News & Events

Economic Advisor: October 4, 2017
October 3, 2017


 

New home sales fell, as did consumer confidence and lay-offs, but the reporting agencies noted the recent hurricanes impacted on their numbers.

New Home Sales

New home sales dipped in August, with transactions of single-family homes dropping 3.4 percent to an annual rate of 560,000 from July’s pace of 580,000, according to last week’s report from the Census Bureau and the Department of Housing and Urban Development. Compared to the same period last year, August’s sales were 1.2 percent down from August 2016’s rate of 567,000.

Looking at price, the median sales price for new homes in August was $300,200 and the average sales price was $368,100. In terms of supply there were 284,000 new homes for sale at the end of August, representing a 6.1-month supply at August’s sales pace. Housing supply is an important metric because it keeps home prices in check, which in turn helps maintain sales volume.

However, it’s important to note that the Bureau and Department’s joint report stated that Hurricanes Harvey and Irma skewed the August report. “… Information on the sales status at the end of August was collected for only 65 percent of cases in Texas and Florida counties,” the reported read. The report is usually able to collect 95 percent of the data on new home sales.

Consumer Confidence

After brightening in August, consumer confidence dipped in September, with the Consumer Confidence Index falling to 119.8 in September from August’s 120.4, The Conference Board reported last week. The Present Situation Index, which describe how consumers feel about the current state of the economy ticked down from 148.4 to 146.1. The Expectations Index, which measures how consumers feel about the near-term prospects for where the economy is headed was more optimistic, notching up from 101.7 to 102.2. (A baseline of 100 for these measurements was set in 1985.)

While down, the overall outlook is generally positive, noted Lynn Franco, director of economic indicators for The Conference Board, who added that the recent hurricane disasters impacted the September report.

“Confidence in Texas and Florida, however, decreased considerably, as these two states were the most severely impacted by Hurricanes Harvey and Irma. Despite the slight downtick in confidence, consumers’ assessment of current conditions remains quite favorable and their expectations for the short-term suggest the economy will continue expanding at its current pace.”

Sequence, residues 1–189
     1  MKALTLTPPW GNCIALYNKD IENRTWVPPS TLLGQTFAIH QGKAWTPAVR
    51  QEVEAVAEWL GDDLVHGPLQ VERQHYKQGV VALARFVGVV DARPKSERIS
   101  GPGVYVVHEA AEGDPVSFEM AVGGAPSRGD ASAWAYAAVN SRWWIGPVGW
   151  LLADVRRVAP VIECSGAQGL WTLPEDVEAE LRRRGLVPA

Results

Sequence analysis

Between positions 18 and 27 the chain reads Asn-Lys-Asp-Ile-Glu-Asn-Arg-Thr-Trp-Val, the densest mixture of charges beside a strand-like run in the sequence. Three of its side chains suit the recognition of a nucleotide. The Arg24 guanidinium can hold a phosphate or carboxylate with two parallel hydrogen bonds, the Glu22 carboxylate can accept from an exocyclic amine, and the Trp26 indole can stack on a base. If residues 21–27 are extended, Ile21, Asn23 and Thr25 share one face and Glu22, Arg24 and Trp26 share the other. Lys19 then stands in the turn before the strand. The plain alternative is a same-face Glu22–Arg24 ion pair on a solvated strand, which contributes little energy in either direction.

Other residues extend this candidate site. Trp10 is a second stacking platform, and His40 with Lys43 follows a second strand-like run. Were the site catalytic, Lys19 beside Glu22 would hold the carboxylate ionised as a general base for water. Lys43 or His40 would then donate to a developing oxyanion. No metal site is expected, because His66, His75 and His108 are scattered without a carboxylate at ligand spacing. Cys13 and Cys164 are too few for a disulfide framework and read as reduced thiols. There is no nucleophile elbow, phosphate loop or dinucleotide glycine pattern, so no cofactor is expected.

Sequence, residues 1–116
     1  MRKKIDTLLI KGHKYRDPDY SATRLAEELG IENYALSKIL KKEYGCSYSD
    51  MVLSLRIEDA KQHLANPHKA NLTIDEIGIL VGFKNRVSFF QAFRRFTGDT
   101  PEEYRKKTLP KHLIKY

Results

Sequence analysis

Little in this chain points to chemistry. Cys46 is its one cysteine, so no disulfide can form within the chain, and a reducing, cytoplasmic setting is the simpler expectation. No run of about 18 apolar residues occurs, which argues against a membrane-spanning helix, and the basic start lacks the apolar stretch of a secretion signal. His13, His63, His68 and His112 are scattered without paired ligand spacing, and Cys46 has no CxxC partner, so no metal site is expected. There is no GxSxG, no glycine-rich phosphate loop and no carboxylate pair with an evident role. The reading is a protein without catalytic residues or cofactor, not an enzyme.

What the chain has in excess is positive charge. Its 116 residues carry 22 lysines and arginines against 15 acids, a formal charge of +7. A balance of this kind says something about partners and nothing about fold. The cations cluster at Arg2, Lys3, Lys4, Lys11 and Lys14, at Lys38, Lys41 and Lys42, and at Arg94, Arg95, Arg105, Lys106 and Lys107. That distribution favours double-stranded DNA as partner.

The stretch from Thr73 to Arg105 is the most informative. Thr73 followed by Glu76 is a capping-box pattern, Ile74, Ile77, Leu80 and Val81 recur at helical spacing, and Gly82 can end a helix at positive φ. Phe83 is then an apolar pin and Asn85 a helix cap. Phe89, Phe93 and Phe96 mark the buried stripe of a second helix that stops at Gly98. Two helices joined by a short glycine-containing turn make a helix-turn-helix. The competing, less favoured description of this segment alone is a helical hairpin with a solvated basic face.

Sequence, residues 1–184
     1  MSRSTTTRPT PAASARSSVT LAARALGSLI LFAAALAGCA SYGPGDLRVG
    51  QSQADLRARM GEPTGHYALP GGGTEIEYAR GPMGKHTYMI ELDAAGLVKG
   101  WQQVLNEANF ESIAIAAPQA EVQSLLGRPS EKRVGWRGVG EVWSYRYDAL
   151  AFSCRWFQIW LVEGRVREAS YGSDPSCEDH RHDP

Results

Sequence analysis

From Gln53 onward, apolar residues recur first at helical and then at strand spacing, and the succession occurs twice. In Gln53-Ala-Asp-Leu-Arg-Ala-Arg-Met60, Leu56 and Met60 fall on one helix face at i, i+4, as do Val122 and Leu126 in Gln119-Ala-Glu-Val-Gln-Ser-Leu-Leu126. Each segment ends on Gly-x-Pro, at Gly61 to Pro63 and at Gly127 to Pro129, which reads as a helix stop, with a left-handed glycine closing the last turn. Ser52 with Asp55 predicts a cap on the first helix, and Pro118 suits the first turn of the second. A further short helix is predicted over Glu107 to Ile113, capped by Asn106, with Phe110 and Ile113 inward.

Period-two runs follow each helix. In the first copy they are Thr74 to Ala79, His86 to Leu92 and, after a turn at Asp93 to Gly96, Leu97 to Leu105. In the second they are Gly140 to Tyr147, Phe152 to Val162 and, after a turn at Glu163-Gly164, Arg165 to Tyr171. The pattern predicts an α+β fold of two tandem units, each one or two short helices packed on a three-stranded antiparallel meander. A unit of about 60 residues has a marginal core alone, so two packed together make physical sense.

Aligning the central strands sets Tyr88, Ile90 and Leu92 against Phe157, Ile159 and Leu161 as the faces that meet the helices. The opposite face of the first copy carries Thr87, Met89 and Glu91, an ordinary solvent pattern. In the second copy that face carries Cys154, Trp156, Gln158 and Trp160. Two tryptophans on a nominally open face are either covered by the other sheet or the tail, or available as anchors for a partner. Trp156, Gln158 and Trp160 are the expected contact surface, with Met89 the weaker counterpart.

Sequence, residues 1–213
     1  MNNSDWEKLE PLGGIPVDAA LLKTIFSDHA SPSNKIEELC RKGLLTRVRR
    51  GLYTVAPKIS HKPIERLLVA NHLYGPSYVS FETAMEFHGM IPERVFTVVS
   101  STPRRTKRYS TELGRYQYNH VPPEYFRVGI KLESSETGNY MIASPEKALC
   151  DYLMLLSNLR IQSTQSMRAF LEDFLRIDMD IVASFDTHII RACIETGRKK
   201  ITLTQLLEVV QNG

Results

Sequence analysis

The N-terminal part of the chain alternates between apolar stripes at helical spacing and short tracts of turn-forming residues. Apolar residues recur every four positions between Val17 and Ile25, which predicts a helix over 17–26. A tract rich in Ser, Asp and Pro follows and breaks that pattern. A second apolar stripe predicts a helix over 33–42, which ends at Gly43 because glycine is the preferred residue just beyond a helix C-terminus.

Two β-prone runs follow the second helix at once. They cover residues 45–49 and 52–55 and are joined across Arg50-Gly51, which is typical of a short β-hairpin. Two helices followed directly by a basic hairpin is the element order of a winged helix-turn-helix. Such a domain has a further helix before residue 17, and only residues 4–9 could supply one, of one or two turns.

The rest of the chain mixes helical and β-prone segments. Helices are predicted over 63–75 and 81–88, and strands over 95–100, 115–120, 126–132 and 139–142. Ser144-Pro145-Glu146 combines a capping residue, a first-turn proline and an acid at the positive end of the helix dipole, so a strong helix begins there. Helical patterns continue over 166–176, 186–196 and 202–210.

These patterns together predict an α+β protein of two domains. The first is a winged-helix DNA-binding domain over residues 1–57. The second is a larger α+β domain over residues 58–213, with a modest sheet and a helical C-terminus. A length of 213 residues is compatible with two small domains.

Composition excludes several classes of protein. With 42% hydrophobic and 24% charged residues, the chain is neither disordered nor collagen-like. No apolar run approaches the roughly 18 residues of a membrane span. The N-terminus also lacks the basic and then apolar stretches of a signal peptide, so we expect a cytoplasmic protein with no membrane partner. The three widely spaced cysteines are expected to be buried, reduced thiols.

One aspect of consumer outlook stayed positive and that was how consumers felt about the job market. The percent of consumers expecting more jobs in coming months grew from 16.8 percent in August to 19.5 percent in September. The portion of consumers expecting fewer jobs saw just a short gain, skirting up from 13.2 percent to 13.5 percent.

Initial Jobless Claims

First-time claims for unemployment benefits filed by the newly unemployed during the week ending Sept. 23, dropped to 272,000, a gain of 12,000 claims from the prior week’s total of 260,000, according to last week’s report from the Employment and Training Administration. That said, it is important to note that the Administration noted that the impacts of Hurricanes Harvey and Irma continued to be felt on the jobless claims data.

The hurricane also impacted the four-week moving average, which is usually considered a more stable measure of jobless claims. In this case, the four-week moving average ballooned to 277,750, an atypically large increase of 9,000 claims from the preceding week’s average of 268,750 claims.

Despite the swing in the numbers, this latest report marked the 134th straight week that initial claims have come in below the 300,000-claim level, which economists consider an indicator of a growing job market.

This week, we can expect:

  • Monday – Construction spending for August from the Census Bureau.
  • Tuesday – Car and truck sales for September from the auto manufacturers.
  • Thursday – Initial jobless claims for last week from the Employment and Training Administration; August balance of trade and factory orders for August from the Census Bureau.

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